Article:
Now for separate property it's a bit more interesting. The trustees are the actual "transferees" here, but it is a very limited transfer. There is no transfer of possession, and there is no transfer of equitable title (or "registration"). Really, it's just a transfer of legal title to the property along with equitable duties to deal with the property for the benefit beneficiary of the trust. The transfer is also is from one of the two trustees to both of them. This is certainly less than the normal "complete" transfer contemplated by s27545. And, if we assume s27545 contemplates this type of "transfer" then it actually isn't possible to comply with it (since neither the trust nor both trustees could comply with s28050) so s27545 actually makes illegal this type of trust. I don't think that could reasonably be considered the intent of the legislature here. Instead, I think "transfer" in s27545 only applies to equitable or possessory "transfers", but not trusts. There are parallels in other areas of the law (tax for example).

Also of note:
TINCON, my memo largely agrees with you. The memo never treats a trust as party or person, and it agrees that "transfer" from H/W to H/W as trustees, where all guns are community property, probably should not be deemed a transfer. Problem is that quite often, at least some of the guns are separate--so you need separate gun trusts for those.

I don't follow what you wrote on separate property, as the new second trustee shares both title and possession with the original owner. That's a transfer.
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Old 05-21-2013, 3:29 PM
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I don't follow what you wrote on separate property, as the new second trustee shares both title and possession with the original owner. That's a transfer.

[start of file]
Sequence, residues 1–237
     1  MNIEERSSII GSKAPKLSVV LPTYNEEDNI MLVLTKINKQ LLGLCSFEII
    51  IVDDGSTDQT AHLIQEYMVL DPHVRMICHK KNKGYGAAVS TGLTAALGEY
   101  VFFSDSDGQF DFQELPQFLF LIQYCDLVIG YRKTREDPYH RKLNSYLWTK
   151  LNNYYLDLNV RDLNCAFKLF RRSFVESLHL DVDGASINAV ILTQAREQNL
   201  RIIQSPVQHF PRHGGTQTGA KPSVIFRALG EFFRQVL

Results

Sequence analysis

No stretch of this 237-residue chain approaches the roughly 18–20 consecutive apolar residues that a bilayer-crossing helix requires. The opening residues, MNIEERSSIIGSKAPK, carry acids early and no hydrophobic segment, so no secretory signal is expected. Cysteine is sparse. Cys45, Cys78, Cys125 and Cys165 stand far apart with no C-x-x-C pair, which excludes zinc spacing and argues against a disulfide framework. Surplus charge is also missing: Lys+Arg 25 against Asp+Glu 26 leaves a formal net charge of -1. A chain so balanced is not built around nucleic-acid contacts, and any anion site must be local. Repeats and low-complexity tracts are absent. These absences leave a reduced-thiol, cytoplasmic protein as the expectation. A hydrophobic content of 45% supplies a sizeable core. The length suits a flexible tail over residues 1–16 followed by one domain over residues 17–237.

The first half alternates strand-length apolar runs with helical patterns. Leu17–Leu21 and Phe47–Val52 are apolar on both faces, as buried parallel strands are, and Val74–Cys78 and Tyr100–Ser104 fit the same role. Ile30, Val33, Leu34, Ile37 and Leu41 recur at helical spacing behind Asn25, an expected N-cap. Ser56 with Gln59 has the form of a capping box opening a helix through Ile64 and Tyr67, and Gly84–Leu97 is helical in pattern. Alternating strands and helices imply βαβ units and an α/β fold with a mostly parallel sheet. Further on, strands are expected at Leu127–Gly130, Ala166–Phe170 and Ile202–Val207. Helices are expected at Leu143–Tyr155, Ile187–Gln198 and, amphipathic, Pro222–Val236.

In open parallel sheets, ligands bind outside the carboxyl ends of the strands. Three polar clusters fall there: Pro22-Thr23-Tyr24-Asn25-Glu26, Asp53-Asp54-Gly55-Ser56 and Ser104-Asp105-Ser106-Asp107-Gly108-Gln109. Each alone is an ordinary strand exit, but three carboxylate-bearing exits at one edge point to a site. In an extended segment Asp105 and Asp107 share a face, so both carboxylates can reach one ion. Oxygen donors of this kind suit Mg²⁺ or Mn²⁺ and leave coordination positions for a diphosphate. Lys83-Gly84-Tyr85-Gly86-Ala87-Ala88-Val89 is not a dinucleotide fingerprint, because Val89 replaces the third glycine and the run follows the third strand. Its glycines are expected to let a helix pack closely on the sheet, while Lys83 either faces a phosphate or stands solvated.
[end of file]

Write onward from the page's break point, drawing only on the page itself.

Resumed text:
I assumed there was no transfer of possession with the establishment of the trust. Seems to me that if husband and wife are living together transfer of possession has either already happened (in which case it seems like there might be a problem notwithstanding the trust issue) or it has not (in which case I see no reason why the creation of a trust in itself would cause such physical transfer). Thus the only transfer was of title, which arguably is not a transfer per the meaning of s27545. Further, it seems arguable that as s28050 only allows for one person to "possess" the firearm legally, it can only mean actual (not constructive) possession. It seems like the original owner of the separate property firearm could solely maintain actual possession of the firearm notwithstanding the trust, so that the second trustee would only have title, and there would be no transfer of possession.

Again though, this is just my defense minded analysis, I'm sure there are ways for a trust attorney to avoid the risk and ambiguity created by the statute.
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Old 05-21-2013, 4:54 PM
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I assumed there was no transfer of possession with the establishment of the trust. Seems to me that if husband and wife are living together transfer of possession has either already happened (in which case it seems like there might be a problem notwithstanding the trust issue) or it has not (in which case I see no reason why the creation of a trust in itself would cause such physical transfer). Thus the only transfer was of title, which arguably is not a transfer per the meaning of s27545. Further, it seems arguable that as s28050 only allows for one person to "possess" the firearm legally, it can only mean actual (not constructive) possession. It seems like the original owner of the separate property firearm could solely maintain actual possession of the firearm notwithstanding the trust, so that the second trustee would only have title, and there would be no transfer of possession.

Again though, this is just my defense minded analysis, I'm sure there are ways for a trust attorney to avoid the risk and ambiguity created by the statute.
I agree with you that these code sections don't seem very friendly to joint ownership! But re: possession i think you are confusing actual possession v. right to possession. Trustee owns and must have a right to possession in order to function as trustee. Under the code, and owner can (infrequently) lend a firearm for less than 30 days, but the actual possession is limited.
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Old 05-21-2013, 5:19 PM